Clybourne Park


Bruce Norris

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Gentrification Term Analysis

The process of transformation that low-income urban neighborhoods undergo when there is an influx of more affluent residents into the neighborhood. One of the results of gentrification is that the people who have historically lived in the gentrifying neighborhood are no longer able to afford to live there. This often begins with affluent families outbidding poorer families on homes in newly desirable areas, which subsequently raises property values, which eventually guarantees that only affluent renters or purchasers can stay or move into the area. This also leads to changes in businesses, and an eventual change in the culture and demographics of a neighborhood.

Gentrification Quotes in Clybourne Park

The Clybourne Park quotes below are all either spoken by Gentrification or refer to Gentrification. For each quote, you can also see the other terms and themes related to it (each theme is indicated by its own dot and icon, like this one:
Race and Racism Theme Icon
Act 2 Quotes

Lindsey: Can I say? We talked about renovation. We discussed it. Because these houses are so charming and I know it’s a shame — but when you figure in the crack in the sub-floor and the cost of the lead abatement — and in a market like this one? It just made more sense to start from scratch.
Tom: Right. But: the Owners Association has a vested interest — Kevin and Lena call me up last month, they say Tom, we’ve got this problem, these people are planning to build a house that’s a full fifteen feet taller than all the adjacent structures…and I think we’d all agree that there’s a mutual benefit to maintaining the integrity — the architectural integrity…of a historically significant…neighborhood.

Related Characters: Tom Driscoll (speaker), Lindsey (speaker), Steve, Lena, Kevin
Page Number: 133
Explanation and Analysis:

Lindsey: And you know, the thing is? Communities change.
Steve: They do.
Lindsey: That’s just the reality.
Steve: It is.
Lena: And some change is inevitable, and we all support that, but it might be worth asking yourself who exactly is responsible that change?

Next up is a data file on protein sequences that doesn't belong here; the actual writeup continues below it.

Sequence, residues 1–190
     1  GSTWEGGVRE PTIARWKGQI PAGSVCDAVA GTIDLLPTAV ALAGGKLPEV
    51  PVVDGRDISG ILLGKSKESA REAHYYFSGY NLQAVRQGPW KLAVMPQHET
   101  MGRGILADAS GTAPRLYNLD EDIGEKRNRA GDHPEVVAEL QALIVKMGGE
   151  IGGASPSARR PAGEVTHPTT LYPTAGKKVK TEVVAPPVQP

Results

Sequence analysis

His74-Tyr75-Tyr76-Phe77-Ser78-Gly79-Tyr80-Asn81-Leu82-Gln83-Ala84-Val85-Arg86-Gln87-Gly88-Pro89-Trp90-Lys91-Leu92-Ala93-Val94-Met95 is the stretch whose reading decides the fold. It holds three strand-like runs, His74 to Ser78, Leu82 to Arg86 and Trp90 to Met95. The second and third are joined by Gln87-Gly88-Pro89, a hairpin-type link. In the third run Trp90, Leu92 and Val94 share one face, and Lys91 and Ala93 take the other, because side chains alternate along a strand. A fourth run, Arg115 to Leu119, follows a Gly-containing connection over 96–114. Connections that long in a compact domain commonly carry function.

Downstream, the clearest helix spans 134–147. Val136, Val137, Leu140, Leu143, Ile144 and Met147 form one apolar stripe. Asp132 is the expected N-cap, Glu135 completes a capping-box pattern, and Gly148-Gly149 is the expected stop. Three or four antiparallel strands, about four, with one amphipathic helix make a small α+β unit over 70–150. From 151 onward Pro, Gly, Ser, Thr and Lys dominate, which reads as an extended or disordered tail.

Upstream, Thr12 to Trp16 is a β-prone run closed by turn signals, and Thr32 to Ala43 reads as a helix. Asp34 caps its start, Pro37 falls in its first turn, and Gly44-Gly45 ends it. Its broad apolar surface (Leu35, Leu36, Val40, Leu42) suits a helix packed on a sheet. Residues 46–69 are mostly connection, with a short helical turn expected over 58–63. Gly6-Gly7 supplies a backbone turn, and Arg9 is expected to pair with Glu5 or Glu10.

Lindsey: I’m not sure what you—?
Kevin: Wait, what are you trying to—?
Lena: I’m asking you to think about the motivation behind the long-range political initiative to change the faith of this neighborhood….I mean that this is a highly desirable area…And I’m saying that there are certain economic interests that are being served by those changes and others that are not. That’s all.

Related Characters: Lindsey (speaker), Steve (speaker), Lena (speaker), Kevin (speaker)
Page Number: 175
Explanation and Analysis:

Steve: The history of America is the history of private property.
Lena: That may be —
Steve: Read De Tocqueville.
Lena: —though I rather doubt your grandparents were sold as private property.
Steve: Ohhhhh my god. Look. Look. Humans are territorial, okay?
Lindsey: Who are you?
Steve: This is why we have wars. One group, one tribe, tries to usurp some territory — and now you guys have this territory, right? And you don’t like having it stolen away from you, the way white people stole everything else from black America. We get it, okay? And we apologize. But what good does it do, if we perpetually fall into the same, predictable little euphemistic tap dance around the topic?
Kevin: You know how to tap dance?
Steve: See? See what he’s doing?!!
Lindsey: Maybe quit while you’re ahead.
Steve: No. I’m sick of — No. Every single word we say is — is — is scrutinized for some kind of latent — Meanwhile you guys run around saying n-word this and n-word that and whatever. We all know why there’s a double standard but I can’t even so much as repeat a fucking joke that the one black guy I know told me —

Related Characters: Lindsey (speaker), Steve (speaker), Lena (speaker), Kevin (speaker)
Page Number: 185
Explanation and Analysis:

Well you’re being an idiot. And in case you hadn’t noticed, the rest of the world has begun a more sophisticated conversation about this topic than you apparently are qualified to participate in at this incredible moment in history. I mean, I used to date a black guy. So what? I mean, seriously. Steve. Wake up.

Related Characters: Lindsey (speaker), Steve, Lena, Kevin
Page Number: 199
Explanation and Analysis:

Lindsey: Well, I want to say this: I want to say I feel angry. And I’m basically kind of hurt by the implication that’s been made that, just because we want to live as your neighbors and raise a child alongside yours, that somehow, in the process of doing that, we’ve had our ethics called into question. Because that is hurtful.

Related Characters: Lindsey (speaker), Lena (speaker), Steve, Kevin
Page Number: 200
Explanation and Analysis:
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